"We will dictate what roads they are allowed to be on," he said.
Companies are required to post a $350,000 bond for the roads on which they are permitted. If a road is damaged, the company is given an opportunity to make the repairs.
"If we collect on a bond from one of these larger companies, they will not be able to be bonded again," Eicher said.
In most cases, the companies do their share of maintenance and then some, Eicher said.
"They will widen the roads out, 'cause a lot of them are narrow township roads," he said.
In some cases, companies have removed ice and snow on roads to which they need 24-hour access, rather than expecting the townships to do it, Eicher said. And when one asphalt road was being heavily damaged, the company reimbursed the county for taking it back to gravel and agreed to repave the road once they were finished with it.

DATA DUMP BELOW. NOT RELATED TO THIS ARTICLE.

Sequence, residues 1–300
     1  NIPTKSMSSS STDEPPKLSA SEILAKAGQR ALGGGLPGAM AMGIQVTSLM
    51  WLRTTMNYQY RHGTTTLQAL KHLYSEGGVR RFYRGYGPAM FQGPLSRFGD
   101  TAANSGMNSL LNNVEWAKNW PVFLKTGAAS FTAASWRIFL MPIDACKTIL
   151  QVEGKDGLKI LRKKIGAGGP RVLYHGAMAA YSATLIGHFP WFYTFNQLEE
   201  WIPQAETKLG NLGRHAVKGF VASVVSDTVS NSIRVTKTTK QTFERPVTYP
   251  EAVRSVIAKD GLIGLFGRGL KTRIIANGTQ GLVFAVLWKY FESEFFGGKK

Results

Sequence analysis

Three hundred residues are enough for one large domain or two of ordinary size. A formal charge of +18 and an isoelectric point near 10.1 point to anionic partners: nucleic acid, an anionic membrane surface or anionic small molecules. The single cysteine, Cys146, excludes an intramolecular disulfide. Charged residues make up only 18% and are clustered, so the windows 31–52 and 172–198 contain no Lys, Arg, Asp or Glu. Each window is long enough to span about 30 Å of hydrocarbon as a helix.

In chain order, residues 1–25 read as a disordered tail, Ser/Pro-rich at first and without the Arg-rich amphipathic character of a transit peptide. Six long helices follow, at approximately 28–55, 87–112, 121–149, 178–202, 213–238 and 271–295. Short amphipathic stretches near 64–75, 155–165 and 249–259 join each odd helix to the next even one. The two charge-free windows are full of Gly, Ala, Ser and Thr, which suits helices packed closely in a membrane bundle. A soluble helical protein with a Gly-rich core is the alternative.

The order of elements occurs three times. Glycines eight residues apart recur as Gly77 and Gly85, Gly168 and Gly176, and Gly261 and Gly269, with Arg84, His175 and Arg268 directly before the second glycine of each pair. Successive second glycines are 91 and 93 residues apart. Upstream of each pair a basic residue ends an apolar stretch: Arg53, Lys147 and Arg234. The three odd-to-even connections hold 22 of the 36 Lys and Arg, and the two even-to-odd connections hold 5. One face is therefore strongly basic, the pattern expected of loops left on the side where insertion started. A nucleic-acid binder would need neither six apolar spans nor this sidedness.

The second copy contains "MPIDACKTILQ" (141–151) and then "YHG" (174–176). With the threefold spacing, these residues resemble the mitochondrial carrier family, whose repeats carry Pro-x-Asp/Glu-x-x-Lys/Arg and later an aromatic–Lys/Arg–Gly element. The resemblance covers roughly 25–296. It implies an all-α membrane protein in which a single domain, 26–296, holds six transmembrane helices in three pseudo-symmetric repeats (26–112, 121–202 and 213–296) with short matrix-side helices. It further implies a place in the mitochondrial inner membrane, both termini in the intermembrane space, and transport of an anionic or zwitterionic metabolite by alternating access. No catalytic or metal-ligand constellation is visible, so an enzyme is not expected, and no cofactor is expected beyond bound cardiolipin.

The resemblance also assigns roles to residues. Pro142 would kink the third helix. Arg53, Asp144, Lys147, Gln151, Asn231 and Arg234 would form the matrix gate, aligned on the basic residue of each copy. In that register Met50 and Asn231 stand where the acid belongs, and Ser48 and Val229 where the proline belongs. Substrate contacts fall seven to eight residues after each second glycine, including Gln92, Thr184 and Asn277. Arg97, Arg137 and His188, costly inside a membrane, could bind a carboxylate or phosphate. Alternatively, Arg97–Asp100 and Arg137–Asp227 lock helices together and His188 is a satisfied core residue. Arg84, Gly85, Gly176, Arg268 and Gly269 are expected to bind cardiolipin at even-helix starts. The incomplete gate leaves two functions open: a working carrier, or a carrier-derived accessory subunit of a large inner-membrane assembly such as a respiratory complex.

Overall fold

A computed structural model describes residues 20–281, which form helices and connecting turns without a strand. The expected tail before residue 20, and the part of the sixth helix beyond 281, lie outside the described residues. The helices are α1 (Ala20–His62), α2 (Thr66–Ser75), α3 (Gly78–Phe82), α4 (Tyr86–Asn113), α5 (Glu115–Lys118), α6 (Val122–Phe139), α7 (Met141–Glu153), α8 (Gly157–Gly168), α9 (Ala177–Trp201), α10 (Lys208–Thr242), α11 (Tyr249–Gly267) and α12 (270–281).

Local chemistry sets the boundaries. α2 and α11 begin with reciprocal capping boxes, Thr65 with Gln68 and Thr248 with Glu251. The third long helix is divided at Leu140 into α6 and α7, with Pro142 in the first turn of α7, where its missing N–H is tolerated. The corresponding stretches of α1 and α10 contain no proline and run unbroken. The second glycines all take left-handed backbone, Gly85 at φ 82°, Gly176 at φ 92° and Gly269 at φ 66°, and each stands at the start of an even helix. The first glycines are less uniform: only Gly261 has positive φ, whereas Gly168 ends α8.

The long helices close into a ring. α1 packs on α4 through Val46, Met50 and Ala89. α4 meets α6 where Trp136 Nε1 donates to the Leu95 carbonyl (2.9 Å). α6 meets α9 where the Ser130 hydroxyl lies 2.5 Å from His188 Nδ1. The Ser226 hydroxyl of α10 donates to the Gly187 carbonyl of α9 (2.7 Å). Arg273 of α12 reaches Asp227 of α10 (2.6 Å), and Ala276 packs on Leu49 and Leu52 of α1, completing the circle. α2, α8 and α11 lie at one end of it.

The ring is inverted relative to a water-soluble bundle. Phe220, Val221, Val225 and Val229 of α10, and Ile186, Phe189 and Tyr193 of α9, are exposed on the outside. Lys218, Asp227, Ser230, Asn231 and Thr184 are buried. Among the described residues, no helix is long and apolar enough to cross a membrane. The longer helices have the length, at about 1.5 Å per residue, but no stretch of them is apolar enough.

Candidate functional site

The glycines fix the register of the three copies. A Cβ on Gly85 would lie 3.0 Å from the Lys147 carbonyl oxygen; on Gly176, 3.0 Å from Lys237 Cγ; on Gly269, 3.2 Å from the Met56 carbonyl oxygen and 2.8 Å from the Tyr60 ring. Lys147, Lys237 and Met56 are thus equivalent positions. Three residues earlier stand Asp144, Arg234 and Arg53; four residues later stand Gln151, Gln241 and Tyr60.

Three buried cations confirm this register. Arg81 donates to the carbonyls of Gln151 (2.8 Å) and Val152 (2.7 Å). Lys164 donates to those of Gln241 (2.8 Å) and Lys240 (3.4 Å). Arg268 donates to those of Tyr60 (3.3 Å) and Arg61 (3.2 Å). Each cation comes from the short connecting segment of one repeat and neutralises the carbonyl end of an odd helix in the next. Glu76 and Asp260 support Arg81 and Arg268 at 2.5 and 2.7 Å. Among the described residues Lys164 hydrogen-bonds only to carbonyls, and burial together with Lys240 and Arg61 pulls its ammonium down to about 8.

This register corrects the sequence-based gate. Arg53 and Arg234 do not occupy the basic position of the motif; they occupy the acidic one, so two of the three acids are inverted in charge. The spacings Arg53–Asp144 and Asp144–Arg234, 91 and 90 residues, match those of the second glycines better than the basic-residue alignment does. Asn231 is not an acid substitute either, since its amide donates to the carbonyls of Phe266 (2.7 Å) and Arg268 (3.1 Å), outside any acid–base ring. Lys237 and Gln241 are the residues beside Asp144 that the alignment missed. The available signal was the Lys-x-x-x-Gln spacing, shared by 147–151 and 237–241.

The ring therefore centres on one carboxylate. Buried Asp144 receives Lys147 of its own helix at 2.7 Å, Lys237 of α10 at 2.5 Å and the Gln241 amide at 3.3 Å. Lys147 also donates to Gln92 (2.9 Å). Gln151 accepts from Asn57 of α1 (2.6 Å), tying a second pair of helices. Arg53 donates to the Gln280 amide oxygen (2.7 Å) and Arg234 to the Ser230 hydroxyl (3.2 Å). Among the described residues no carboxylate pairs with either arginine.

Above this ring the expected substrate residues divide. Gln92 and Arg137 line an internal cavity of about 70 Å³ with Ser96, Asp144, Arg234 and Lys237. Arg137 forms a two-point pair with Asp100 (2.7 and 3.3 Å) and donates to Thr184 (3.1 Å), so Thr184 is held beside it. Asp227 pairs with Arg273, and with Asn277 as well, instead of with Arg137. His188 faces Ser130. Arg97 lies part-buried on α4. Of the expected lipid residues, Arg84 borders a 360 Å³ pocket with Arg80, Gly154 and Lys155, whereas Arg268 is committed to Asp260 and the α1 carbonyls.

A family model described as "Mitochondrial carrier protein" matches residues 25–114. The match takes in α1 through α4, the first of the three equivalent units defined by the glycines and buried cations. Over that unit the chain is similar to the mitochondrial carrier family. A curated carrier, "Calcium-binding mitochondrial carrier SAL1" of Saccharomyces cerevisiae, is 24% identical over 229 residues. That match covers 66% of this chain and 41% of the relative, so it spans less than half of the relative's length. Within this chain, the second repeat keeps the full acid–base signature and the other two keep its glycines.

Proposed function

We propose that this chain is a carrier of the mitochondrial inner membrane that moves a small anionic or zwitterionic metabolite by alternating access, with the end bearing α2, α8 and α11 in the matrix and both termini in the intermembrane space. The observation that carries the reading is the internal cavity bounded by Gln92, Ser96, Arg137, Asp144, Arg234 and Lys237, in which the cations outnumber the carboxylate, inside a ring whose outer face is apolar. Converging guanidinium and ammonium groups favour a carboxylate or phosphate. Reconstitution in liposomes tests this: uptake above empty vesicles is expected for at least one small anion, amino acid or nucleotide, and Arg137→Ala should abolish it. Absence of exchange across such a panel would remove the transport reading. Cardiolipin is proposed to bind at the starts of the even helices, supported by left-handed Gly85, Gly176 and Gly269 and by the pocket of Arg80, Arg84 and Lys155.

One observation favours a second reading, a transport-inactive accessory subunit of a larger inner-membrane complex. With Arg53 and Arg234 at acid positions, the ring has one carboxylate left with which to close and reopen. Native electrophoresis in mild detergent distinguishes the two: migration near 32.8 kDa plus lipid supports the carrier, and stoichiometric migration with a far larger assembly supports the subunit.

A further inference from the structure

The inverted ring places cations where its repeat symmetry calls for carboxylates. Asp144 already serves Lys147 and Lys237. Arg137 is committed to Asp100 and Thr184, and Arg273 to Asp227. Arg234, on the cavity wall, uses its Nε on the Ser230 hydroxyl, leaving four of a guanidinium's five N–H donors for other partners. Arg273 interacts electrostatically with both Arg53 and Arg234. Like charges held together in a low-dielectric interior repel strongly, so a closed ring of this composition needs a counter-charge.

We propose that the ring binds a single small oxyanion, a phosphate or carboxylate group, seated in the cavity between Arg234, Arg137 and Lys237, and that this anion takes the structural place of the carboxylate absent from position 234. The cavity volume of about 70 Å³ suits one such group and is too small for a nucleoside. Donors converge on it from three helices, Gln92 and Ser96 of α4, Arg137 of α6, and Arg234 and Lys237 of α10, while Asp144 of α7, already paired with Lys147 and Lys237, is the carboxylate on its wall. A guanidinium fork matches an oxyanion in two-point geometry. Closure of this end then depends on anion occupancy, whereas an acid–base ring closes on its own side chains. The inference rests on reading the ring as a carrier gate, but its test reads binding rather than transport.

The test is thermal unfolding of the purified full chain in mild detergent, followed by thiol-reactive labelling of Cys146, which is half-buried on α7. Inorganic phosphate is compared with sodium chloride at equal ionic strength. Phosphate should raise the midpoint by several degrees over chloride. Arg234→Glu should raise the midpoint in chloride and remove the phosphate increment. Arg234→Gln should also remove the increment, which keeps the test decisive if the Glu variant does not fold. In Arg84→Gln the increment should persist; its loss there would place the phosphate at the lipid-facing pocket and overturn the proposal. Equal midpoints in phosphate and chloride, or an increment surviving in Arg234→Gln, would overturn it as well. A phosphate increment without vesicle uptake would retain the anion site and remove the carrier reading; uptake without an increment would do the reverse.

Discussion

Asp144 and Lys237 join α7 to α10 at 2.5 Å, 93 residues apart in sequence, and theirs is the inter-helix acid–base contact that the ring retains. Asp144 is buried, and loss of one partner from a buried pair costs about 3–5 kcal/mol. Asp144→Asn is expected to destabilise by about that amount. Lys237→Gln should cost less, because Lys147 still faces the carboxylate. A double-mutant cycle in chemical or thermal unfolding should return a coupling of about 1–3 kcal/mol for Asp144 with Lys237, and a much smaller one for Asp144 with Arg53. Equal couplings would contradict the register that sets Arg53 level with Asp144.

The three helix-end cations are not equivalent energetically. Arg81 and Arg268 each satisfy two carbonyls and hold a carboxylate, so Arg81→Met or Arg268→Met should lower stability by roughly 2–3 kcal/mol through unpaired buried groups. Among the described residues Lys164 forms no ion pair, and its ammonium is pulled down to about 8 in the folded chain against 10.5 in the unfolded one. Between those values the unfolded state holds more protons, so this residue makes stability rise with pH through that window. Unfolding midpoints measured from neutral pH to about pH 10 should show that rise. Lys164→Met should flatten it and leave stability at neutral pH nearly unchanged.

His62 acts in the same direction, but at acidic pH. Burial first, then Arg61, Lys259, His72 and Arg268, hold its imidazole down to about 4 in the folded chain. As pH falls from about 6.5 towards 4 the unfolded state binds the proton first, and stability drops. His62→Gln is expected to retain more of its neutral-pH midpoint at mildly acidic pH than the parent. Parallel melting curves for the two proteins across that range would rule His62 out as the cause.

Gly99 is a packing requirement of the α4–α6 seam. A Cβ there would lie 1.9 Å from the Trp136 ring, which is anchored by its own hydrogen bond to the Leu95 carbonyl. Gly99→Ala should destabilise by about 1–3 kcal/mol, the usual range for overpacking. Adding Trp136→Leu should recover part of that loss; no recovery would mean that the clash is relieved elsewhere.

Eicher said he wouldn't want the state dictating how local roads are used, but he and other officials had no complaints about state oversight of the rest of the operations.
"I think the state, ODNR's, doing a wonderful job," said Noble County Commissioner Gary Rossiter. "I think the state's better equipped to handle it than the local level."
According to ODNR data, one well has been fracked in Monroe County's Washington Township, two more were drilled but considered "lost holes," and two more have been permitted. Township Trustee Larry Gardener said he's fine with ODNR overseeing those operations.
"They've got some pretty good inspectors and ... they keep a pretty tight rein to you," he said.
The Associated Press contributed.